the coast, and many birds and vessels.
Once or twice a duck would try to
8. Jeannette Schoup, Santa Rosa.
9. Richard Boiler, San Francisco.
10. Lowell Browne, San Francisco.
The new subject for the. drawing
contest is "Fishing." Get your drawv
follow us, but it would soon get tired.
Now the land became a little speck
in the distance and soon we'could see
nothing but water. \
As it was beginning to get dark I
went to'' bcM. ' About 2 o'clock in the
morning. I heard a roaring sound. I
was up and dressed in a minute, for
I thought we wouldgo to the bottom
of the ocean any second. I found the
men throwing gasoline overboard,; so
as to lighten the load." But it was^of
no use, for a strong,wind hsfd struck
us. The boat was lowered and we all
climbed in, but none, too quick, for
the; aeroplane was Quickly carried
ing in early. Use only black ink— the
blackest you can get. Drawings made
with blue ink or with lead pencil can
not be reproduced in the paper.
Who'll win the two books next time?
t \u25a0 — \u25a0 \u25a0 — : — . — \u25a0 — ~ -\u2666\u25a0
| Winners of Puzzle Prizes |
\u25a0W— ~— ; ; ;—; — _ i ' 'tt
Three very fine watches will be given
away each week for correct . answers
to the puzzles. .This does not mean that
every one answering the puzzles /gets
a prize. But if you persist you will
surely get one. If you do not get it
this week, keep on trying. Perhaps you
(Will be successful next time.' The
Junior follows the fairest possible
method of awarding its prizes! - \u25a0
All answers mu^t be spelled cor
rectly, written neatly and sent in on
postal cards. "Those received in other
ways will not be considered.
y The correct answers to the puzzles
published in The^ Junior Call November
20 are. as follows: • ', . '
ffifii C.aptain;' 2, ' Lace; 3, "Dancing; 4,
Buggy; G, Elm; 6, Polls.
• The Juniors who this .week' answered
the puzzles correctly are: \u25a0.^"" , ' "'•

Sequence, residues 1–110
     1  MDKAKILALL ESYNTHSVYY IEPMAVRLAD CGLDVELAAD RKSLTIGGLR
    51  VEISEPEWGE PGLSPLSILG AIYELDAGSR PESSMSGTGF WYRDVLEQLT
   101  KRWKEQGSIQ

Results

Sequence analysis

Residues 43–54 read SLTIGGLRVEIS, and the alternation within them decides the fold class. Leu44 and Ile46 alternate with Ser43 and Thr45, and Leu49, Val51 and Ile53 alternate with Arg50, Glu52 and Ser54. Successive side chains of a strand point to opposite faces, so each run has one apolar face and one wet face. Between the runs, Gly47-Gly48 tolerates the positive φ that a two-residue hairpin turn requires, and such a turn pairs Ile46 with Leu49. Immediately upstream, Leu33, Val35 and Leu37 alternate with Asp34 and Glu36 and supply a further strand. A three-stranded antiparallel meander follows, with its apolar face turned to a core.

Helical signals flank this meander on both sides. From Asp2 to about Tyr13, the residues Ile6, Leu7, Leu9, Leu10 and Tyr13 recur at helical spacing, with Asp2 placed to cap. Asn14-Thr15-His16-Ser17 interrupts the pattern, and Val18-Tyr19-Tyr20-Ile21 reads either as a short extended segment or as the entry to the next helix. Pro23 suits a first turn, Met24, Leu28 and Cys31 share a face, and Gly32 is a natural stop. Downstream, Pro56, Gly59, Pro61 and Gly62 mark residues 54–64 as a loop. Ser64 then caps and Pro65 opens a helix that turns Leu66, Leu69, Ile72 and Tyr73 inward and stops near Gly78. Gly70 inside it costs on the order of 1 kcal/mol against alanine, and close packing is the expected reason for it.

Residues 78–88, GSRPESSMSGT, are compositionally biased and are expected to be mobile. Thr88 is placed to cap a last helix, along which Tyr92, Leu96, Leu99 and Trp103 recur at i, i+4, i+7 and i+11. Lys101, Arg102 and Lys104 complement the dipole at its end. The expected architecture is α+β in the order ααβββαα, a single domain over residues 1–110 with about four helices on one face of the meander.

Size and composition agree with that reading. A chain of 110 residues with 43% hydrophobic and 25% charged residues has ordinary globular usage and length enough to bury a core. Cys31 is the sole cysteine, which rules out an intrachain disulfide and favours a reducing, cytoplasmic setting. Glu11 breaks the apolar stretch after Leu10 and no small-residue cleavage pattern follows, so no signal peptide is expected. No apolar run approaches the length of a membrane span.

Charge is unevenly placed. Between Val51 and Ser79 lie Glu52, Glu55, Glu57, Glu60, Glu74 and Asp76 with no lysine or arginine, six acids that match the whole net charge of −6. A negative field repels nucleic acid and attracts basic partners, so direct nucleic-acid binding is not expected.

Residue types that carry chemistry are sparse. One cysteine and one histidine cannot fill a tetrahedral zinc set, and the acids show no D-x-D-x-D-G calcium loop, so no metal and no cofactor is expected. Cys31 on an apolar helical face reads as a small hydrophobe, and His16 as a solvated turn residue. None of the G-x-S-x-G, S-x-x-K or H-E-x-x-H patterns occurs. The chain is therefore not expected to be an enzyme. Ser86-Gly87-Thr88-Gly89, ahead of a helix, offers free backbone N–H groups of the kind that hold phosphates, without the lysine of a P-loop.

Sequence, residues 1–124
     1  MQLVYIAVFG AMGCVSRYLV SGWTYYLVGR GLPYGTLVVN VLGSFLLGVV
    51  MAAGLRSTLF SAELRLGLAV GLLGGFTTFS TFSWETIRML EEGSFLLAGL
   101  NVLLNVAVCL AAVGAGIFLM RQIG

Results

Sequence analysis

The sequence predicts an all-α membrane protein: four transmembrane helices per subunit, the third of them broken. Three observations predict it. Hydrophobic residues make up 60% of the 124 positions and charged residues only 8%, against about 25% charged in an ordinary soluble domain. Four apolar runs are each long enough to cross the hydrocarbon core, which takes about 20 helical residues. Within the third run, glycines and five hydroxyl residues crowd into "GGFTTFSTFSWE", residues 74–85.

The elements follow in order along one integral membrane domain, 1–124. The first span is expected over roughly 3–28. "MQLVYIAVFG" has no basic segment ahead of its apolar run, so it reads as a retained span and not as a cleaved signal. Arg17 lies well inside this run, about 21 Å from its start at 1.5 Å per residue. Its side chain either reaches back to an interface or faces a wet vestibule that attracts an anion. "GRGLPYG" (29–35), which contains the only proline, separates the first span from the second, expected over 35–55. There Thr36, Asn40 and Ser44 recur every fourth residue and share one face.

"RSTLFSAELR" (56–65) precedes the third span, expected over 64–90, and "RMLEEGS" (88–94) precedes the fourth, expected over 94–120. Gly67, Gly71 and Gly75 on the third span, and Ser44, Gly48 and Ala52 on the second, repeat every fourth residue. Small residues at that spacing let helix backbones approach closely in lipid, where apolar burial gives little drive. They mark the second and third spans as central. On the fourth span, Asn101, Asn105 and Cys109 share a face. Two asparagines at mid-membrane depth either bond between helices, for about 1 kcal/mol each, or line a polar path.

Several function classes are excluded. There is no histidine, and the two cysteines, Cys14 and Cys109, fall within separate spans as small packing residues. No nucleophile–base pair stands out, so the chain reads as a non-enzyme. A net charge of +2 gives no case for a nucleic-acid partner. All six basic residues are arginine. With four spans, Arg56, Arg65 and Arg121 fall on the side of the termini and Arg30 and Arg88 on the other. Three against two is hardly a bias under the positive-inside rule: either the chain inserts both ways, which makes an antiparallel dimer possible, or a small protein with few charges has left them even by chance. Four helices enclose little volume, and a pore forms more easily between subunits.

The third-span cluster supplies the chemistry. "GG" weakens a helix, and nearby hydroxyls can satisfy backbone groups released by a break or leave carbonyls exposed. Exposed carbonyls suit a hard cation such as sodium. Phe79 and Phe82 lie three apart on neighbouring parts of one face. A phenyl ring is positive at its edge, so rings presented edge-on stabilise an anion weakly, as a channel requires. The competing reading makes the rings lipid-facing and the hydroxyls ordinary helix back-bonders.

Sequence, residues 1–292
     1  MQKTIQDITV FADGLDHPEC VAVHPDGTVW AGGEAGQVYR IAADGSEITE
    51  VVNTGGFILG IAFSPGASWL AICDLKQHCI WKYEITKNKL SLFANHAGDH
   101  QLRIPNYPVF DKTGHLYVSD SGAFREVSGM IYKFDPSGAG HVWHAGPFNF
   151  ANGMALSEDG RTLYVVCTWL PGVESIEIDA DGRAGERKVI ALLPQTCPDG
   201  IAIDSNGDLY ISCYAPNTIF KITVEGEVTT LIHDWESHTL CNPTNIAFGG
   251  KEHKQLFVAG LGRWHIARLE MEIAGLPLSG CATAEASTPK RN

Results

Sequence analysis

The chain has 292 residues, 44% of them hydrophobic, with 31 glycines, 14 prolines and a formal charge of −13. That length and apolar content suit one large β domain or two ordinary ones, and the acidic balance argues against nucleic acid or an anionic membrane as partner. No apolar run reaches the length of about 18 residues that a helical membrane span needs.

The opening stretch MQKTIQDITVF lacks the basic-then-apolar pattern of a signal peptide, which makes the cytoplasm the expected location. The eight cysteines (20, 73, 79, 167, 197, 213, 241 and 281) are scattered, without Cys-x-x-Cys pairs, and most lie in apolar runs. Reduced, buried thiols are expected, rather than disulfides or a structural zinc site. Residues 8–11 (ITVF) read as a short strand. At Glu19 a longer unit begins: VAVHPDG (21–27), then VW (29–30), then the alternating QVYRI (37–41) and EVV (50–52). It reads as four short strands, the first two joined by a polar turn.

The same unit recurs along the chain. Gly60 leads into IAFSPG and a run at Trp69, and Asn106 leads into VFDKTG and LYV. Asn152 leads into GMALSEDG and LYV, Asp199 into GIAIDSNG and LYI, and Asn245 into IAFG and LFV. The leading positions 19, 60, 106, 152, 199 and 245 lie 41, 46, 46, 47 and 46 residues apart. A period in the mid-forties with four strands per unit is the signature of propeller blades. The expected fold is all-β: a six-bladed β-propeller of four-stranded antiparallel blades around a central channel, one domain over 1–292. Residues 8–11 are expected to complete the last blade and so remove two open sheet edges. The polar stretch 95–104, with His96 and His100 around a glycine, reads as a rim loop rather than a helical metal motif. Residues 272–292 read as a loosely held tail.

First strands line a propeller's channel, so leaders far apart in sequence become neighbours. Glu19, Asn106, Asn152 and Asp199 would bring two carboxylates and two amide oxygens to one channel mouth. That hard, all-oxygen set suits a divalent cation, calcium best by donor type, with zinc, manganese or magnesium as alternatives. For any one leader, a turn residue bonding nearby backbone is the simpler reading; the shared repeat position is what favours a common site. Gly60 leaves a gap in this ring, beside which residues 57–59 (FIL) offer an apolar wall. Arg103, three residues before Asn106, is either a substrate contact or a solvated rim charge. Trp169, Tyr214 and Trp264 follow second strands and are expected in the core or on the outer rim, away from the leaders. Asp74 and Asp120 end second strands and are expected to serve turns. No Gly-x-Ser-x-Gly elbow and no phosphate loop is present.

1 BllldredChnnmnn, 4050 Twenty-sixth
: sixth street, San vPrancieco. ;
fpM'pcHlle . Hidden, 189 6 ;• Broadway, ; Sn n
.r.'; Francisco.' •: **V \u25a0, >v '*-* '
Cyrirsiiottenhlmer, 401 South Market
street, San Jose. '
away. We were picked up that night
by /an ocean steamer. \- Now* my i imag
inary story is ' ended, ?'and . that's all I
wantUo do with aeroplanes.
CROSSES CONTINENT^
JOSEPH A. GOGGIX,
1507 Grant Avenue. Fremont High
School, Firat Year. Age, 14 Yearn
-; There was a whirring (sound^ as .the
engineer, started the engine. We were
about ;'; to' embark ! on : bur ; aerial ; flight
from San Francisco: to New York. \u25a0
-.Suddenly the flywheel ;at' the rear of
bur aeroplane started and there' was 'a'
forward , lurehl Then amid the cheers?
, of, the crowd we skimmed '• along; the,
ground, for about>lo0 { iyardSjand-: rose
into the air in a diagonal, direction. It
was 10:40 a, m. v Reaching .the. height
of 2,000 feet, we went along "at the rate:
of 45 miles an hour, passing over Sac
ramento at noon. Soon we found our
selves floating T 'aboye the Sierra Ne-'
vadas. It had just* begun to sprinkle
snow. !
At about 11 o'clock of the second day
wo passed over Ogrden, having covered
786 miles. From here we made for Salt
Lake City, and passing over 'a portion
of the Great Salt lake, circled the Mor
mon tabernacle.. We then \u25a0 started
toward Denver, ; Colo., and, flying over
the state capltol,' continued our flight
over Colorado Springs and ' rounded
Pike's peak. At Kansas City we saw
the stockyards and at St. Louis i the old
exposition site. Crossing Chicago, we
saw the largest stockyards in the
world, their slaughter, houses and the
immense union depot located there., -
leaving -\u25a0 the big city we crossed
country toward Niagara, falls. We
soared over the American 'falls and
sailed down "over the Horseshoe rapids
to Buffalo, having covered bo far 3,100
miles. ,
From here we headed toward New
York. Crossing the Hudson river from
Albany, we circled over the i United
States military academy/ located at-
West, Point and sent a wireless to them
to be forwarded to New York, advising 1
that we would be there in about an
hour.
Leaving the academy, we, .about -ft
tylnutes later, sailed around the world
renowned statue of Liberty 'in New
York harbor, alighted In Central park,
having completed our journey through
the air across the American continent
in 84 hours. ,
This was my first trip In an aero-
plane. . ' .
Atiilllluual CorouoMltiouN Will lie Kouud
ou I*hk« (I
5